APTA | Passenger Transport
December 1, 2008

In This Issue
» BREAKING NEWS
» NEWS HEADLINES
» COMMENTARY
» IN DEPTH
» AROUND THE INDUSTRY
» APTA NEWS


 
NEWS HEADLINES

Public Transit Agency Officials Continue to Seek Help For Long-Term Leasing Agreements

Officials from 11 public transit agencies met in Washington in late November to urge Congress to intervene on their behalf with the U.S. Treasury, lest an unforeseen effect of the credit crisis impact public transportation operations across the nation in the coming weeks.

The crisis was brought on by the credit downgrading of American International Group (AIG), which guaranteed most of the agencies’ loans acquired through the Sale-in/Lease-out/Lease-in/Sale-Out (SILO/LILO) program.  AIG’s collapse has given the lending banks the authority to demand a replacement guarantor for those loans or find the borrowers in default—a move that would force the public transit agencies to immediately produce millions of dollars not in their budgets. This would almost certainly lead to severe service cuts and termination costs exceeding $2 billion.  The situation will likely be exacerbated by the recent credit downgrade of Ambac, another guarantor of many transit lease agreements. 

Transit agencies that have never missed a payment and do not expect to do so are nevertheless threatened with default. The catch-22 comes from the fact that although the payment funds are adequate and safe, the holders of these funds—the agencies—have suffered downgraded credit ratings, allowing investors—the banks—to bring default actions.

The group meeting in Washington addressed its concerns to staff of Sen. Max Baucus (D-MT), chairman of the Senate Finance Committee, and the committee’s ranking member, Charles Grassley (R-IA).  In attendance were general managers and other leaders from systems in Atlanta, Boston, Chicago, Houston, Los Angeles, New Jersey, New York, Sacramento, St. Louis, San Jose, and Washington, DC.  The officials want Congress to ask Treasury to guarantee the agreements. 

Dr. Beverly Scott, APTA Chair and General Manager, Metropolitan Atlanta Rapid Transit Authority, said in recent testimony that 31 of the nation’s transit systems “would be crippled in the coming months if nothing is done to resolve this crisis. The innocent victims will be the millions of riders who rely on public transit every day.”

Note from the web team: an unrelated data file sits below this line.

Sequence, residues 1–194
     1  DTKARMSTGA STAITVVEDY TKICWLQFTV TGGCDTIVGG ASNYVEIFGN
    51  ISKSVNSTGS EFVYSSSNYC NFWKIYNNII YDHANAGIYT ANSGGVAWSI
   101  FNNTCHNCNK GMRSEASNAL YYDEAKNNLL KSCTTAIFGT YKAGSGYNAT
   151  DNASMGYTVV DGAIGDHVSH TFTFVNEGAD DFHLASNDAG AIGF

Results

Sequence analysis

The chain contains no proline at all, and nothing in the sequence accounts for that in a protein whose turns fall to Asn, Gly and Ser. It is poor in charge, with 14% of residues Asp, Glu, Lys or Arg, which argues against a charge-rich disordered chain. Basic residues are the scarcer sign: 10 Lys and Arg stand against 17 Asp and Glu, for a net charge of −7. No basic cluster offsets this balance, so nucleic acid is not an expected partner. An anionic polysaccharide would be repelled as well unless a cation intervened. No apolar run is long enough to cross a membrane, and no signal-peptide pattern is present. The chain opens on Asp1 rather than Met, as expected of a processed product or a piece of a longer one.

Scott noted that the U.S. Treasury could, under the recently passed financial rescue package, “take over the role of AIG and other insurers in SILO/LILO transactions. This would prevent any predatory action by banks against transit systems, and because the Treasury would be backing its own securities, there is no financial risk on the part of the federal government. APTA has urged the U.S. Treasury to take this action immediately.”

A member of Sen. Baucus’ staff who declined to be identified noted that there are several options for moving forward. Either senator could introduce legislation. Alternatively, an announcement—either at a hearing or in a public letter to the Treasury secretary—could note that this will be done when Congress re-convenes Dec. 8. Also still being considered is a 100-percent excise tax on any revenue banks would gain from calling loans on transit agencies.

« Previous Article Return to Top | Return to Main Next Article »

APTA CALENDAR CONTACT US APTA HOME PAGE PRINTER-FRIENDLY VERSION
AMERICAN PUBLIC TRANSPORTATION ASSOCIATION
© Copyright © 2008 American Public Transportation Association 1666 K Street NW, Washington, DC 20006
Telephone (202) 496-4800 • Fax (202) 496-4321

Search Back Issues